success. Even if the amount of features is approximately 1/4 of the initial variables,
the reduction is far away from what we consider should be the outcome of a good
variable selection technique without reducing the classification success rate. As we
commented in chapter 1, the main disadvantage of this technique is to fall in a local
optimum, if we consider optimum the minimum in the classification error during the
crossvalidation process. Taking into account the result using other techniques, we can
assure that the program is stuck in a local minimum. We will also see that the time
required to run the program is high, but we will be able to use Backward Elimination
and take profit of their performance integrated with the genetic algorithm.
Selection Dataset
Xp Features
Delete Feature Xi Crossvalidation
FuzzyARTMAP
Feature Deleted
Xp=Xp-Xi
Classification Error
For i=1: p
P=120
While Classification Error
DECREASE
Validation Dataset
Crossvalidation FuzzyARTMAP
Success rate in classification
Genetic Algorithms and Time Consuming Optimisation
36
3.3 Forward Selection
The flow to run this program is as follow:
Figure 3.2
Initial variables = 1 Features chosen = 18 53 56 66 72 84 88 89 Success Rate = 70.83 % Computation time = 32 minutes
The result shows clearly that the algorithm has been trapped in a local
optimum of the search space. The Stepwise Selection method will be in this case very
useful to skip at least this local minimum but like the rest of the determinisitic
methods it can be trapped in another one. We will not consider this method as the best
one in computation time since the success rate is to low to be comparable to the rest
of the methods.
Selection Dataset
Xp Features
SelectFeature Xi Crossvalidation
FuzzyARTMAP
Feature Selected Xp=Xp+Xi
Classification Error
For i=1: p
P=0
While Classification Error
DECREASE
Validation Dataset
Crossvalidation FuzzyARTMAP
Success rate in classification
Genetic Algorithms and Time Consuming Optimisation
37
3.4 Stepwise selection
The stepwise selection executes sequentially backward elimination and
forward selection during a number of loops selected. There is no reason to keep
running the program as soon as the selected variables can not be increased or
decreased using forward selection or backward elimination respectively, so we will
consider the computation time until the variables selected can not be "improved".
Initial variables = 120 1.-Backward elimination 1 2 5 6 9 10 11 12 13 14 15 16 17 18 22 23 26 27 29 30 35 37 42 52 54 57 58 59 62 85 90 99 100 101 117 Success Rate =91.66% 2.-Forward selection 1 2 5 6 9 10 11 12 13 14 15 16 17 18 22 23 26 27 29 30 35 37 42 49 52 54 57 58 59 62 64 85 90 99 100 101 105 112 116 117 Success Rate = 91.66% 3.-Backward elimination 1 6 9 10 11 13 14 16 17 18 22 23 26 29 30 35 37 42 49 52 54 57 59 62 85 90 100 101 105 112 116 Success Rate =91.66% 4.-forward selection: 1 2 6 9 10 11 13 14 16 17 18 22 23 26 29 30 35 37 42 49 52 54 57 59 62 85 90 100 101 105 112 116 Success Rate = 91.66% Total computation time = 6hours 4 minutes
The features selected are reduced to 32 without improving the classification
success rate compared to the Backward Elimination. Although in this case the
Stepwise Selection is not reducing drastically the set of features selected for the model
(compared to the Backward Elimination), it was able to skip the local optimum and be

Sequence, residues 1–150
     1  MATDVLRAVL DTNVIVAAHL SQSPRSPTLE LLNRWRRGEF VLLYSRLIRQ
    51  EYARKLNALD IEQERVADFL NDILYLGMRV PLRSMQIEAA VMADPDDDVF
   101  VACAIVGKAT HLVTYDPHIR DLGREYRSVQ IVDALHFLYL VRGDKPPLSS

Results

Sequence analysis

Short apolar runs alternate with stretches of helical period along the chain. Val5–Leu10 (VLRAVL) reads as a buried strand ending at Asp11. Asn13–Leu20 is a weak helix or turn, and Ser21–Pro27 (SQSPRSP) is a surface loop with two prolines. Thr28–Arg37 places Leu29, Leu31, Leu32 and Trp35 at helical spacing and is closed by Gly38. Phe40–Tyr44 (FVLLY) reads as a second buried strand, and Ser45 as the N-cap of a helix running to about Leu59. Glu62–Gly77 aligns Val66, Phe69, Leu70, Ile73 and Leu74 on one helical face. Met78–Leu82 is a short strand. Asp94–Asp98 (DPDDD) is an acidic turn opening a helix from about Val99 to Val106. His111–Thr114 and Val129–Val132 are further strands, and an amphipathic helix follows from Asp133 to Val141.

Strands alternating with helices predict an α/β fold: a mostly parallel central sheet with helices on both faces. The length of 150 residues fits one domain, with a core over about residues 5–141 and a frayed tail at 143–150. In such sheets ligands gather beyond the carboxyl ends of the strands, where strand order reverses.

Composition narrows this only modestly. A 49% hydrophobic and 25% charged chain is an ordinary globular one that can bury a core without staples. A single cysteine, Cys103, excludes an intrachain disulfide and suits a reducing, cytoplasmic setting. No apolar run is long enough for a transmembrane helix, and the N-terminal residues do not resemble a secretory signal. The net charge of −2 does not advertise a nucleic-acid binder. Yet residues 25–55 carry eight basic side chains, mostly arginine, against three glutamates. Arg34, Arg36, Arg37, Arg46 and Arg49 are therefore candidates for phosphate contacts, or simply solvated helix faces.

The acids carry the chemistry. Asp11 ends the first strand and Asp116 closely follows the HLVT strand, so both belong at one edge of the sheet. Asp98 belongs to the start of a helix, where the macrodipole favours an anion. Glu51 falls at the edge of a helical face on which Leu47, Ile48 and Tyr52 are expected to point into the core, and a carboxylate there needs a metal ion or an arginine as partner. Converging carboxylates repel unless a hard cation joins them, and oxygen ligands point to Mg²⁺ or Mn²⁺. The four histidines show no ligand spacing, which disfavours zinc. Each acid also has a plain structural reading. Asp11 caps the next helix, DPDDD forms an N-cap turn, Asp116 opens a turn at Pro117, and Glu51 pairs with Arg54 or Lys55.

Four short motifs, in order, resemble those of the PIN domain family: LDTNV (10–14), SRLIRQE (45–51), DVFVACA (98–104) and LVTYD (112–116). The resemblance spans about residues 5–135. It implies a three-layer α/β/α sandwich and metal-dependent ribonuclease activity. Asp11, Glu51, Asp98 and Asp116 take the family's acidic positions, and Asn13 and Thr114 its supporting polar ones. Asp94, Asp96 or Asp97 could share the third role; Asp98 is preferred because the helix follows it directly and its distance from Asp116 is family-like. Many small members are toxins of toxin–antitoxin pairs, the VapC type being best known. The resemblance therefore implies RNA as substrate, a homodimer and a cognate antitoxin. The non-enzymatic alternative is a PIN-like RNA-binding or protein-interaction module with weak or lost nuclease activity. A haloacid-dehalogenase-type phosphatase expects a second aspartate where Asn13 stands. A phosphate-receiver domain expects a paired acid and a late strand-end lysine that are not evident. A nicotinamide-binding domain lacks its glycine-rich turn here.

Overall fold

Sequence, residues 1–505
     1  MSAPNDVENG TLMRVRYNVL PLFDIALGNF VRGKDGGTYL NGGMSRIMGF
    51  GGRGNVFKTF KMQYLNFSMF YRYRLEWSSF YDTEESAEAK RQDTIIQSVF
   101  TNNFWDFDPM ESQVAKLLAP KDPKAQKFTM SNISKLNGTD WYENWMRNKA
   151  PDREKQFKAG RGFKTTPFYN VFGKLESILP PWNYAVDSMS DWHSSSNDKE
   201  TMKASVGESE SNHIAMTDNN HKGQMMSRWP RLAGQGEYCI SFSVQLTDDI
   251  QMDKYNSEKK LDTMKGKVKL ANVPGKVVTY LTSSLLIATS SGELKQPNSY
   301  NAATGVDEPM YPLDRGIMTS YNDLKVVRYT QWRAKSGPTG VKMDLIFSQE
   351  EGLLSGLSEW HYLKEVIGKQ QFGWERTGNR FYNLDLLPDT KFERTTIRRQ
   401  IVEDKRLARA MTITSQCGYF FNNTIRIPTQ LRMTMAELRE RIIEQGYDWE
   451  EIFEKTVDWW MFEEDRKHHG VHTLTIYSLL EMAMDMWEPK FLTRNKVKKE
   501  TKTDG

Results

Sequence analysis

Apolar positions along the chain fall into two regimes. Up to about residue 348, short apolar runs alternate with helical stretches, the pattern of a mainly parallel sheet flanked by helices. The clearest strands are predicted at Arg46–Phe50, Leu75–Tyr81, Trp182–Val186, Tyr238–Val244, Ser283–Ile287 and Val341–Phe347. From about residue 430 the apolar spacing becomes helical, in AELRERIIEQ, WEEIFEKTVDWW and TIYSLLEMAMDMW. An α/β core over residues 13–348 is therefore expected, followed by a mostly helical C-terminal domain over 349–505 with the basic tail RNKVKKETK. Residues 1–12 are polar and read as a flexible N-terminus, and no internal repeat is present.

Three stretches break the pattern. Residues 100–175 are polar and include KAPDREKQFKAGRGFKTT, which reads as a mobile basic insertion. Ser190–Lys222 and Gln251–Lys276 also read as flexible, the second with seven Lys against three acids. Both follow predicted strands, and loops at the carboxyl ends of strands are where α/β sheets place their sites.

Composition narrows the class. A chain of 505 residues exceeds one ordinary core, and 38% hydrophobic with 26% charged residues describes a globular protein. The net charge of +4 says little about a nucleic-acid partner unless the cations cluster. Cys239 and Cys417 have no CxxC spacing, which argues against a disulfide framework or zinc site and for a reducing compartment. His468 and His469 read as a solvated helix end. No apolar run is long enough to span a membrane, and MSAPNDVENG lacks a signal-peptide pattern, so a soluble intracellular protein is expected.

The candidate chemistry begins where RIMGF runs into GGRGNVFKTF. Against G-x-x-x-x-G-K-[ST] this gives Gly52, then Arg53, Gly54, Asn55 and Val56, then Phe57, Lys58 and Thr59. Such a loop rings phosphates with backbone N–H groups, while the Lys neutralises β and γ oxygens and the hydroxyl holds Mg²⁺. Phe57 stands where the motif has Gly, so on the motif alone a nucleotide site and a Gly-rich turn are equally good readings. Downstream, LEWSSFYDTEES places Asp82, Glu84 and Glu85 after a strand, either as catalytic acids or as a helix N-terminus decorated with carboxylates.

stuck in another one reducing the number of features in 3 compared to the Backward
Elimination.
The computation time will obviously be longer than in Backward Elimination.
Genetic Algorithms and Time Consuming Optimisation
38
3.5 Genetic Algorithms for features selection
Before introducing the results obtained we will explain briefly how the genetic
algorithm has been programmed.
3.5.1 .-Representation and Operators
In this section we will explain how we have represented each chromosome for
encoding candidate solutions to be manipulated by the genetic algorithm.
Each individual in the population represents a candidate solution to the feature
subset selection problem. Let be the total number of features available to choose from
to represent the patterns to be classified (120 in this case). The individual
(chromosome) is represented by a binary vector of dimension 120. If a bit is a 1, it
means that the corresponding feature is selected, otherwise the feature is not selected.
This is the simplest and most direct representation scheme. The initial population will
be randomly selected considering all the features (120) with a percentage of features
initially in the population at 50%.
Since we are representing a chromosome through a binary string, the operators
mutation and crossover operate in the following way: Mutation operates on a single
string and generally changes a bit at random. Thus, a string 11010 may, as a
consequence of random mutation gets changed to 11110.
Crossover on two parent strings produces two offsprings. With a randomly
chosen crossover position 4, the two strings 01101 and 11000 yield the offspring
01100 and 11001 as a result of crossover. In our application will be used a 2 point
crossover.
3.5.2.- Parameter Settings
Our experiments used the following parameter settings:
§ Population size: Maximum 256
§ Number of generation: i.e. 200
§ Crossover: Two point
§ Probability of mutation: 0.005
The parameter settings were based on results of several preliminary runs. They
are comparable to the typical values reported in paper [24]. Later on these parameters
will be modified in order to achieve lower computation time.
Genetic Algorithms and Time Consuming Optimisation
39
3.5.3.-Selection Mechanism
The selection mechanism is responsible for selecting the parent chromosome
from the population and forming the mating pool. The selection mechanism emulates
the survival of the fittest mechanism in nature. It is expected that a fitter chromosome
receives a higher number of offsprings and thus has a higher chance of surviving on